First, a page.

A study published this week in PLOS Medicine reports the most recent and comprehensive estimates on how much death and disability is attributable to depression, both worldwide and in individual countries and regions. When compared to other diseases and injuries, major depressive disorder ranked as the second leading cause of global disability and eleventh leading cause of global burden in 2010.
Rates and ranking among all causes of disability varied by country and by region. The rates are highest in Afghanistan and lowest in Japan, and depression ranks first in Central America and Central and Southeast Asia. Disability from depression affects mostly people in their working years, and women more than men.
To arrive at the estimates, the authors of the study, led by Alize Ferrari, University of Queensland, the Queensland Centre for Mental Health Research, Brisbane, Australia, compiled relevant information from all published research studies on major depressive disorder, also called clinical depression, and dysthymia, a milder chronic form of depression.
They then used mathematical tools to estimate a standard measure of disease burden: “disability-adjusted life years” (DALYs), calculated by adding together “years lived with a disability”, (YLDs) and “years lost because of disease-specific premature death” (YLLs). For some countries and regions, especially low-income countries, few studies had been published, and the researchers had to substitute actual numbers with reasonable estimates to calculate YLDs and DALYs.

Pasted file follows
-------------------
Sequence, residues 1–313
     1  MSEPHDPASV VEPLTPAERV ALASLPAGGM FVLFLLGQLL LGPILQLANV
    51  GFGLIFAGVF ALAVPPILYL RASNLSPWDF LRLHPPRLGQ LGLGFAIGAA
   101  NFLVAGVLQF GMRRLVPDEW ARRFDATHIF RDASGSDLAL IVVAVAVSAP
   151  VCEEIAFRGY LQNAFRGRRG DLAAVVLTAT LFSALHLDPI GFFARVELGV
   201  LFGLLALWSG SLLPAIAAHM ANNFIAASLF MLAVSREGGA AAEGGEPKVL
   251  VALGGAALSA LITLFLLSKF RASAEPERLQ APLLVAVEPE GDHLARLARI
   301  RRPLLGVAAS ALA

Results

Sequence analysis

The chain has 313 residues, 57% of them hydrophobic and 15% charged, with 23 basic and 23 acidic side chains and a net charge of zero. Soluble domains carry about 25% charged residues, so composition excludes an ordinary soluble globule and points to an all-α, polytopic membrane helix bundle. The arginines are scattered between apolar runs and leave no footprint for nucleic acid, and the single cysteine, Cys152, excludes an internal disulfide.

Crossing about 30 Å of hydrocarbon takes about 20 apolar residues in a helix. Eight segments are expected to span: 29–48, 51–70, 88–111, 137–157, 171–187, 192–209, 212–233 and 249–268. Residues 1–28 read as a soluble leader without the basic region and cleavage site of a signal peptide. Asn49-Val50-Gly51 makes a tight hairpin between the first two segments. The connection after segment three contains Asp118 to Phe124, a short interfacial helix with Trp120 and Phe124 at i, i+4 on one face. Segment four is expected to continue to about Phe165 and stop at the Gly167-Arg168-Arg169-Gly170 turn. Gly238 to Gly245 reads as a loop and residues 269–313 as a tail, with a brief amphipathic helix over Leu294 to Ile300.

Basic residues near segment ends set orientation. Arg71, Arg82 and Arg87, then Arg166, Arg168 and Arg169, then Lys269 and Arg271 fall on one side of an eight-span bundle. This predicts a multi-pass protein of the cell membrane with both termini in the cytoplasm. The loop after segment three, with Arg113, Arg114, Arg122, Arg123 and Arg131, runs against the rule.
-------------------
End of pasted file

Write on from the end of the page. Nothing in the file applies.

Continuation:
When compared to other diseases and injuries, major depressive disorder ranked as the second leading cause of global disability (or YLDs) and eleventh leading cause of global burden (or DALYs) in 2010. However, major depressive disorder also contributes to mortality for a number of other conditions. When the researchers added DALYs attributable to major depressive disorder for two of them, namely suicide and ischaemic heart disease, major depressive disorder ranked as the eighth leading cause of global burden.
Their results, the researchers say “not only highlight the fact that depressive disorders are a global health priority but also that it is important to understand variations in burden by disorder, country, region, age, sex, and year when setting global health objectives.”